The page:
From magic triangle to hexagon

Procurement has undergone profound change in recent years. In particular, the rise of digitalisation has completely transformed many processes since the turn of the millennium.  However, these technical advances mean that the procurement department can take on a much more important role within companies. Most recently, the increasing number of global crises has served to highlight the essential role of purchasing. Until a few years ago, the magic triangle of cost, quality and time, well known in project management, was also highly relevant for procurement, but other parameters have now been added. This can be viewed as turning the triangle into a hexagon: supply chain resilience, sustainability factors in procurement, ongoing technological change and the consequent ability of suppliers to innovate play an equally important role.
The trend of recent years will most likely continue to shape the agenda of procurement departments in the near future. Price stability is the central issue, due to heavy cost increases in some areas, but this must always be seen in the context of overall operating costs. If you put the reliability of supply at risk, you may have to halt production, which can result in considerably greater expense. Companies which fail to comply with environmental and social requirements will face even more drastic consequences.

Success factors in modern purchasing

Purchasing consultant and author Tanja Dammann-Götsch has identified five areas in which procurement must be modernised to meet the requirements of the future:

  • Digitalisation
  • Purpose
  • Agility
  • Human touch
  • Remote working

As she describes in her book "Purchasing in Transition" (only available in German), these factors are generally contingent on successful implementation within the company and cannot be separated from each other. Without advanced digital transformation, neither agile working nor a well-functioning remote workflow can be guaranteed. And without purpose - a value-based foundation that puts people first - other success factors would be on shaky ground.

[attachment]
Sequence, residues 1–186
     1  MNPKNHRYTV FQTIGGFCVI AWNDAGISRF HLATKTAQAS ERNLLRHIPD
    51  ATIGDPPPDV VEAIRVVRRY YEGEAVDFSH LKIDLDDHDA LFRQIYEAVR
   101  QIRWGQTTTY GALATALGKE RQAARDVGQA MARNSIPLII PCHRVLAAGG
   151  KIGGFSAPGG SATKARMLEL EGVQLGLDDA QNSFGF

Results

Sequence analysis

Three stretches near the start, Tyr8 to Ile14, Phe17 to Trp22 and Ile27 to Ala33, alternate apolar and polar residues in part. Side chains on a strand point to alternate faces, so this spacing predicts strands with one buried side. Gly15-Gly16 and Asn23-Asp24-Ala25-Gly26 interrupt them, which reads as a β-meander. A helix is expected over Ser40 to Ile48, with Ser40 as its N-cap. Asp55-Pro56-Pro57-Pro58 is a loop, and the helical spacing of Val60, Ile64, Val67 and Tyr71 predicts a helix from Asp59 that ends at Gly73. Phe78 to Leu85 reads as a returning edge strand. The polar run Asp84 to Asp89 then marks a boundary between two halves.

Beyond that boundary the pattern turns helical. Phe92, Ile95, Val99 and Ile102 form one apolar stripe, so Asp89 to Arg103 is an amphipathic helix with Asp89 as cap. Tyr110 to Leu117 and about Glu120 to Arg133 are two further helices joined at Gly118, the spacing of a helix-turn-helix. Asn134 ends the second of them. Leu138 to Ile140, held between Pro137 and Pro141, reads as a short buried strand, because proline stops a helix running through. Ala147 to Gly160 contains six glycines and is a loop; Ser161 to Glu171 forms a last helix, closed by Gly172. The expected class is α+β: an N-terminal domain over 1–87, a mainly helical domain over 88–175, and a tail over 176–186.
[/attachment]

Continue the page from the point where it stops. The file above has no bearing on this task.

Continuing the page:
Artificial intelligence: how it’s changing procurement

Last but not least, artificial intelligence will permanently change purchasing. Buyers can already benefit from ChatGPT and similar tools: for example, when working out negotiation tactics, researching suppliers or automatically evaluating the transaction and master data at their disposal.
According to entrepreneurial magazine Maddyness, forward-thinking companies are already using AI applications to leverage historical data, market trends and supplier performance data to make better informed decisions regarding supplier selection, pricing negotiation and contract terms.  In addition, AI can help to identify potential risks and disruptions in the supply chain and implement measures to mitigate them. As well as auditing supplier reliability, AI can analyse the potential effects of geopolitical risks and unusual but high-impact events, such as a pandemic.

Purchasing will continue to gain relevance

As a result of this change, many experts agree that purchasing will continue to gain strategic relevance in companies until 2030. However, this also increases the demands on purchasing departments in terms of added value and innovation.
Cooperation with start-ups, which usually offer innovative solutions, could lead to a competitive advantage, particularly when it comes to key issues such as artificial intelligence, marketplaces and sustainability. It’s important to be open to these technologies in order to benefit from the anticipated value they can add in terms of automation, transparency and efficiency.